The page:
When planning a hybrid team, it’s important that you outline all the details up-front and communicate them to the team. Will you reimburse remote employees for the time they are using their own internet and electricity? It is important to be transparent and ensure an equitable formula also exists for those employees in the office.

Once you have laid out each detail, create a budget based on those expenses, discuss it with the team, and share your objective formulas.

Diffuse different time zones so schedules don’t clash

Without guidance, hybrid teams may incur challenges with meeting scheduling, with preferred work times being amplified. For example, remote employees may prefer to start work early, using the time for their commute to begin their day. Others may prefer to start later and work later. Meanwhile, in-office employees may feel abject to the fact that their day includes their commute and the fact that they may not trust that their peers are working.

When leading a hybrid team that is distributed in different geographical locations, time zones further become a factor. Challenges lie in deciding on fair meeting times, work schedules, and communication means.

The best method is to create schedules based on each person’s unique time zone and make sure their colleagues are aware of this. There will be a point where schedules intersect so use these windows to set up meetings and open communication.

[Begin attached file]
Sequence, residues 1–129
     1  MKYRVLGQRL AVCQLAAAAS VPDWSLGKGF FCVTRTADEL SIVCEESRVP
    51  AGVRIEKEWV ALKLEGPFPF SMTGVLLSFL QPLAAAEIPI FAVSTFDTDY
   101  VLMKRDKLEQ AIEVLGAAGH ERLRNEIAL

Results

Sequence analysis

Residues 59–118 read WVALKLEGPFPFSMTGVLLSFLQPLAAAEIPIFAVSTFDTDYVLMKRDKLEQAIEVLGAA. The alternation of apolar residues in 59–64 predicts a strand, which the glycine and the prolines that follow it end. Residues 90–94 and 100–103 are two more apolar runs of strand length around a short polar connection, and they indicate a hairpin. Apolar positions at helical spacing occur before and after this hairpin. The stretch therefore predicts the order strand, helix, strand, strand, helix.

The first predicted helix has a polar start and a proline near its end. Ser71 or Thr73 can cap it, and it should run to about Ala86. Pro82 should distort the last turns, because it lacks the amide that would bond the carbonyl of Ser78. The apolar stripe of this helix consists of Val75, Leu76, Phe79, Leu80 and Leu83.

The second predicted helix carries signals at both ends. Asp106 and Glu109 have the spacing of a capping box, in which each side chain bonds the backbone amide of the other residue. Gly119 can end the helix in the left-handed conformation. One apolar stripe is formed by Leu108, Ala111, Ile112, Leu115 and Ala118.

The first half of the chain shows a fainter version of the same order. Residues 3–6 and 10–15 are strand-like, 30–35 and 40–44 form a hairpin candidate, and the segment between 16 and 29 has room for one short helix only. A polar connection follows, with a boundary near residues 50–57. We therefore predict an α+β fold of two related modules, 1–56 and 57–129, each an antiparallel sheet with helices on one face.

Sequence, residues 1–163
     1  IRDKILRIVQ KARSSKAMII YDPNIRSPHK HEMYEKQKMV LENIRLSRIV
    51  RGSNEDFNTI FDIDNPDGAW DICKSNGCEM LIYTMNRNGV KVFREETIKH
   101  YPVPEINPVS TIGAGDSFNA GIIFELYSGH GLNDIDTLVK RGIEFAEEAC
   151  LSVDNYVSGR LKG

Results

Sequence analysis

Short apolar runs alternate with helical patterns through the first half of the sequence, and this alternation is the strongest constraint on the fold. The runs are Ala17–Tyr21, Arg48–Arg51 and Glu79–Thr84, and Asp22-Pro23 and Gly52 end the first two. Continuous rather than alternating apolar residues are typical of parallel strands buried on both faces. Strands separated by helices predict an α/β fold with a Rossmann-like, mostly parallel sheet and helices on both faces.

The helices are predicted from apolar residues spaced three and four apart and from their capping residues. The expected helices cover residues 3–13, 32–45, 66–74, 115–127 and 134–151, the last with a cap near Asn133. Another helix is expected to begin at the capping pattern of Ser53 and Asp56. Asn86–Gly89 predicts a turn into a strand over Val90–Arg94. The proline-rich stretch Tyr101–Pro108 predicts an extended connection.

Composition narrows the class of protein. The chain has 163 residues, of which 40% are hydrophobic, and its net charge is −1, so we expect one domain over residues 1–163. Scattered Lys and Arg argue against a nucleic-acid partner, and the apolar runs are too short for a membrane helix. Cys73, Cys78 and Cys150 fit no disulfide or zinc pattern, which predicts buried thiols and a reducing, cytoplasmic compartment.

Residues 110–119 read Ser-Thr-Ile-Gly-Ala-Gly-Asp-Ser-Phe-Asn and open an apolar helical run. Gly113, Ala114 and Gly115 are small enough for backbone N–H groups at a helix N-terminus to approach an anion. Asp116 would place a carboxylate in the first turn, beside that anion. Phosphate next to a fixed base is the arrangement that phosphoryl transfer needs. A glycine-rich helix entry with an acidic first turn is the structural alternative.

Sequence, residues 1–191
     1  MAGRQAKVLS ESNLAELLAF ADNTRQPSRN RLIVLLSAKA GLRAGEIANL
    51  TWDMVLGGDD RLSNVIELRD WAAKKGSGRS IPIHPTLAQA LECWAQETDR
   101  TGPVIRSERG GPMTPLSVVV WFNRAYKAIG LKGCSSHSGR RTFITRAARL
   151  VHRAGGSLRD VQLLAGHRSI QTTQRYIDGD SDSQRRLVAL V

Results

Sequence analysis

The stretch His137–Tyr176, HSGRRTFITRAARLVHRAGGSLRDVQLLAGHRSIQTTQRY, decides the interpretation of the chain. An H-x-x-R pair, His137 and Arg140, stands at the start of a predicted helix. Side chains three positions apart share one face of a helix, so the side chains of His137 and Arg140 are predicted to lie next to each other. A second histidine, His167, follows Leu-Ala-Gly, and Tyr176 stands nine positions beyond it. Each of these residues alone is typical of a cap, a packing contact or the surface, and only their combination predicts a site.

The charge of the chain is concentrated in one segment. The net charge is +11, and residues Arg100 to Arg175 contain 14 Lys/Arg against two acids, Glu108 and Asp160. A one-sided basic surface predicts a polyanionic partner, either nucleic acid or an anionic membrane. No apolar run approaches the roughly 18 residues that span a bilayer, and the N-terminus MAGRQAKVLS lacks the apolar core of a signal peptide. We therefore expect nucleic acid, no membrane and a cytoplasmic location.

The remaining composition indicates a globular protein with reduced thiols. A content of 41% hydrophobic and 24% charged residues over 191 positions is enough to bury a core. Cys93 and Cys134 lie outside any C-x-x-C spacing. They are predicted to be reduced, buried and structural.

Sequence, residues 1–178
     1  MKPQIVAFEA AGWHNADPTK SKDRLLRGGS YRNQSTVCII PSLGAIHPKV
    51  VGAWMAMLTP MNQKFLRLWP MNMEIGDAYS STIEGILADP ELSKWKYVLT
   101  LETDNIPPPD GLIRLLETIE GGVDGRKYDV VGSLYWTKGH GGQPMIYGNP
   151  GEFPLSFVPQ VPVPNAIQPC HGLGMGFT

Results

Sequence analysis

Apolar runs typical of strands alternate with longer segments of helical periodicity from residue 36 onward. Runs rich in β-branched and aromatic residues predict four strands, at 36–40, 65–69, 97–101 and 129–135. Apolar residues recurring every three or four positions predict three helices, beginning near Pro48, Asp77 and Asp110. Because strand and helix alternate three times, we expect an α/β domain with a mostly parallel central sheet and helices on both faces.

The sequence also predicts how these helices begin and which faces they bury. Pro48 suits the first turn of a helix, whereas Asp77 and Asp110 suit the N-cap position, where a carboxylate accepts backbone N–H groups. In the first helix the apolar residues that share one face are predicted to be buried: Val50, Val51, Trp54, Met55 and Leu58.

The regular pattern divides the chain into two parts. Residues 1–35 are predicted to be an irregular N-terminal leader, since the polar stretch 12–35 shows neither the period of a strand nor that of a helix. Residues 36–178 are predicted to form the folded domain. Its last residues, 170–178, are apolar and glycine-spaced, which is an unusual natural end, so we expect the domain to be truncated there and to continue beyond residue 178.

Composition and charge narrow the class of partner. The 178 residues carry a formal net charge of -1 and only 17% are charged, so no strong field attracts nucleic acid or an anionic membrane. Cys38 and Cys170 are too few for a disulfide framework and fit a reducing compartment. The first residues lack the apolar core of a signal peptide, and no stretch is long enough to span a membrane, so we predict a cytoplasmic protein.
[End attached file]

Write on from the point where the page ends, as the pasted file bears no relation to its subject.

Here’s an example:

  • West Coast Employee Schedule: 9 am PST to 5 pm PST
  • East Coast Employee Schedule: 9 am EST to 5 pm EST

Using this example, these schedules would intersect from 12 pm EST to 5 pm EST. That’s a five-hour window for meetings and communication between teams.

Set up processes to ensure team members do not work too much

When working from home, some team members might have trouble stepping away from work without clear work/home guidelines that are amplified with the need to “prove” they are working to their in-person colleagues.

To support them, suggest schedules and communicate boundaries. Pay attention to deviations from their schedule when remote team members log on and off for the day as equally as you would notice those working late in the office outside their typical hours.

Disarm these landmines once and for all

In today’s environment, organizations are forced to adopt a hybrid work approach, despite the complexities it brings. Leading these teams requires you to adopt a unique leadership style that effectively promotes this work environment.

Now that you’re armed with the skills required to lead a hybrid team, it’s time to tackle each hidden landmine that’s just beneath the surface. The result will be a more seamless organization that can circumvent upcoming issues.